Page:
Brixham is a small fishing town on the South West coast of Britain. Together with Paignton and Torquay it makes up the borough of Torbay. It is the smallest and poorest of the three towns, however, built as it was on the now failing fishing industry, rather than the Tourism trade which supports the others.

A Brief History

Brixham is the oldest part of Torbay, with evidence of settlements in pre-historic times, through the Bronze and Iron Ages, and Saxon times - The name Brixham itself is thought to be Saxon.

The earliest documentary evidence for the town is in the Norman Domesday Book where it was known as Briseham. It was probably around this time, that they town may have turned to fishing for its main industry; the Normans encouraged people to give up meat on Fridays making fish a more sought after meal.

In 1688, Brixham was the center of the Glorious Revolution. The Protestant Prince William of Orange landed at the port and went on to claim the throne as King William III. The 300th Anniversary was celebrated in July 1988 with a week of festivities. H.M. The Queen and H.R.H. The Duke of Edinburgh joined in the celebrations and stayed in the Bay overnight onboard the Royal Yacht Britannia. A commemorative statue of Prince William of Orange overlooks the harbour in Brixham.

During medieval times, the town had become an important port, exporting tin, importing wine and pilgrims would travel through Brixham on their way to holy sites in Spain. The fishing industry still coninued to grow as well; many of the townsfolk were involved in the production of salted pilchards.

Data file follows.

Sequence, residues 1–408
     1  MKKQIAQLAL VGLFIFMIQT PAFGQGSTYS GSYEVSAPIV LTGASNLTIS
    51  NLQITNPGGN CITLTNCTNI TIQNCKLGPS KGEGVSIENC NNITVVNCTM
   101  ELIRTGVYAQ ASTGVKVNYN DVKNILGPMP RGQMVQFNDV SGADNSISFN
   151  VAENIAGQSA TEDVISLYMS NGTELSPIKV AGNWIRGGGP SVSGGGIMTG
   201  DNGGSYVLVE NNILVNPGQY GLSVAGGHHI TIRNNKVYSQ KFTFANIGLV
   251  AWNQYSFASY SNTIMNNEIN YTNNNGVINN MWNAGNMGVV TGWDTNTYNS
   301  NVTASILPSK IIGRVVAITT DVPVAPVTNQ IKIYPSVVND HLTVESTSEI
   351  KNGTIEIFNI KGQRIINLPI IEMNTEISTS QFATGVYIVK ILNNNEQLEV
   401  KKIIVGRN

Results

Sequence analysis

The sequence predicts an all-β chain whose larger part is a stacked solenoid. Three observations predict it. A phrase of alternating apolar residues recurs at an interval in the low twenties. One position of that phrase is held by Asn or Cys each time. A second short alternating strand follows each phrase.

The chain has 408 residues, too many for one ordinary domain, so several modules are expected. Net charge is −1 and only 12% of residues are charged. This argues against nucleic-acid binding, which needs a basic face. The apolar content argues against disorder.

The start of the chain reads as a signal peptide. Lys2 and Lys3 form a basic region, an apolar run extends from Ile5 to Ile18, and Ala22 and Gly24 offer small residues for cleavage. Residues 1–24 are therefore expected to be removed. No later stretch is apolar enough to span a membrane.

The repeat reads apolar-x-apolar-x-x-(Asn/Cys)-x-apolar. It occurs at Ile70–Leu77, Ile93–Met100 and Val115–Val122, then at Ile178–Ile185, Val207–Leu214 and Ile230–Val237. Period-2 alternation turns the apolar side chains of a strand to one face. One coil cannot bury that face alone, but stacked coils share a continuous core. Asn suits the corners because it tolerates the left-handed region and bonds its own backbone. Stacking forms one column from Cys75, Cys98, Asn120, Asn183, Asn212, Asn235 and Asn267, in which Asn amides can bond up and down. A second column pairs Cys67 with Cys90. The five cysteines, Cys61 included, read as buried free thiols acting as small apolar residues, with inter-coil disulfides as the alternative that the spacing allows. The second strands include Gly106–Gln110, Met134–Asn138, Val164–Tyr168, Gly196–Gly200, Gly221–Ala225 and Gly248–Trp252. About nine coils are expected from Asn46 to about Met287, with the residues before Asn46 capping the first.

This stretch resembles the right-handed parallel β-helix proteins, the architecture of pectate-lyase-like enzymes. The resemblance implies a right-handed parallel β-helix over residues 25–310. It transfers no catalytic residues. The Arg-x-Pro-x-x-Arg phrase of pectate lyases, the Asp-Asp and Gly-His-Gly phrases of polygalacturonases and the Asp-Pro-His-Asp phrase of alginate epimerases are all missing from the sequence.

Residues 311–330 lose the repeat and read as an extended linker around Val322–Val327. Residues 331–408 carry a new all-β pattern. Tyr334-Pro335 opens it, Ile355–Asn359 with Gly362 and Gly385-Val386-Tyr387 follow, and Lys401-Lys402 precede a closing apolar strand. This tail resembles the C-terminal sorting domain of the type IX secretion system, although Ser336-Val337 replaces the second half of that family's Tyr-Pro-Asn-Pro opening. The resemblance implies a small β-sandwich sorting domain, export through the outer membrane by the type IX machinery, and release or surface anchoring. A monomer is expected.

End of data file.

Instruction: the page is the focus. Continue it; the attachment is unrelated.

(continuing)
Brixhams fishing fleet had reached its peak by 1890 with about 300 trawlers. Where other fishing towns were moving to steam engines, the high price of coal in the South West made this uneconomic. Trades declined rapidly and after World War I only a dozen or so remained; some falling easy prey to German U-Boats.

The town has also had an important role in defence. Fortifications were built and manned here to defend from Catholic invasions from across the channel, and during the Napoleonic and World Wars, the latter of which still stand at Berry Head. Many of Brixham's trawlers would later play in important role in the evacuation of the British Expeditionary Force from France and in 1944 the harbour was one of many along the South coast harbours to be used by the US army for embarking prior to the invasion of Normandy

It was between the wars that Brixham turned to the tourist trade, and post WWII the population has grown rapidly. However, since the decline of the fishing industry there is little employment to sustain such a population - although hard work is going on to rebuild it - and most new residents seem to be of retirement age.

What to see in Brixham

Brixham lacks the individual attractions of Torquay and Paignton, but most people visit for the atmosphere of a history-filled bustling fishing town; wandering the maze of narrow, winding streets to the harbourside where you can sample some great fresh seafood caught the same day just round the corner.

The Golden Hind

A complete full-size replica of the ship Sir Francis Drake sailed around the world on in 1577. Moored in Brixham harbour, the ship gives a fascinating insight into life on board in the 16th Century, as well as a range of exhibitions and re-enactments.


Back to Everything Quests: Places to visit in Ireland and the UK
Sources:
An Outline History of Brixham by Tony Morton (http://home.freeuk.com/mortz/brixham.htm)
The English Riviera Online. (http://www.theenglishriviera.co.uk)
BBC Devon. (http://www.bbc.co.uk/devon)

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